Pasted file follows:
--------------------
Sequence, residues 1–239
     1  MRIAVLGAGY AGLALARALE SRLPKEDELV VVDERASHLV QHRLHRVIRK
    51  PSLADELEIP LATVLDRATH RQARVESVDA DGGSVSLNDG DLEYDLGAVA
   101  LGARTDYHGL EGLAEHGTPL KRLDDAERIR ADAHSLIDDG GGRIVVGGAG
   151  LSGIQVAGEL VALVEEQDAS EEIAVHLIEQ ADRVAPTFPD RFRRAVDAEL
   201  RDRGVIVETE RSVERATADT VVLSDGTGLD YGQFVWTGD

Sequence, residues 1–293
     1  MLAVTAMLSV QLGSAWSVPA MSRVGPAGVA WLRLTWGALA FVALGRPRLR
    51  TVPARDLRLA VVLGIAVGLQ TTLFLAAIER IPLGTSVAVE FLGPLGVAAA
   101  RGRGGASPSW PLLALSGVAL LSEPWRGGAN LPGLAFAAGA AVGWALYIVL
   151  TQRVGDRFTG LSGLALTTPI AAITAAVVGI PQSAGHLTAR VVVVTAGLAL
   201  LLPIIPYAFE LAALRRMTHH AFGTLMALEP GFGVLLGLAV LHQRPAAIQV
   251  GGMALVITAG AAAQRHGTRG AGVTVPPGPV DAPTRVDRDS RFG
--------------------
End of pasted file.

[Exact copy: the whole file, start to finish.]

Sequence, residues 1–239
     1  MRIAVLGAGY AGLALARALE SRLPKEDELV VVDERASHLV QHRLHRVIRK
    51  PSLADELEIP LATVLDRATH RQARVESVDA DGGSVSLNDG DLEYDLGAVA
   101  LGARTDYHGL EGLAEHGTPL KRLDDAERIR ADAHSLIDDG GGRIVVGGAG
   151  LSGIQVAGEL VALVEEQDAS EEIAVHLIEQ ADRVAPTFPD RFRRAVDAEL
   201  RDRGVIVETE RSVERATADT VVLSDGTGLD YGQFVWTGD

Sequence, residues 1–293
     1  MLAVTAMLSV QLGSAWSVPA MSRVGPAGVA WLRLTWGALA FVALGRPRLR
    51  TVPARDLRLA VVLGIAVGLQ TTLFLAAIER IPLGTSVAVE FLGPLGVAAA
   101  RGRGGASPSW PLLALSGVAL LSEPWRGGAN LPGLAFAAGA AVGWALYIVL
   151  TQRVGDRFTG LSGLALTTPI AAITAAVVGI PQSAGHLTAR VVVVTAGLAL
   201  LLPIIPYAFE LAALRRMTHH AFGTLMALEP GFGVLLGLAV LHQRPAAIQV
   251  GGMALVITAG AAAQRHGTRG AGVTVPPGPV DAPTRVDRDS RFG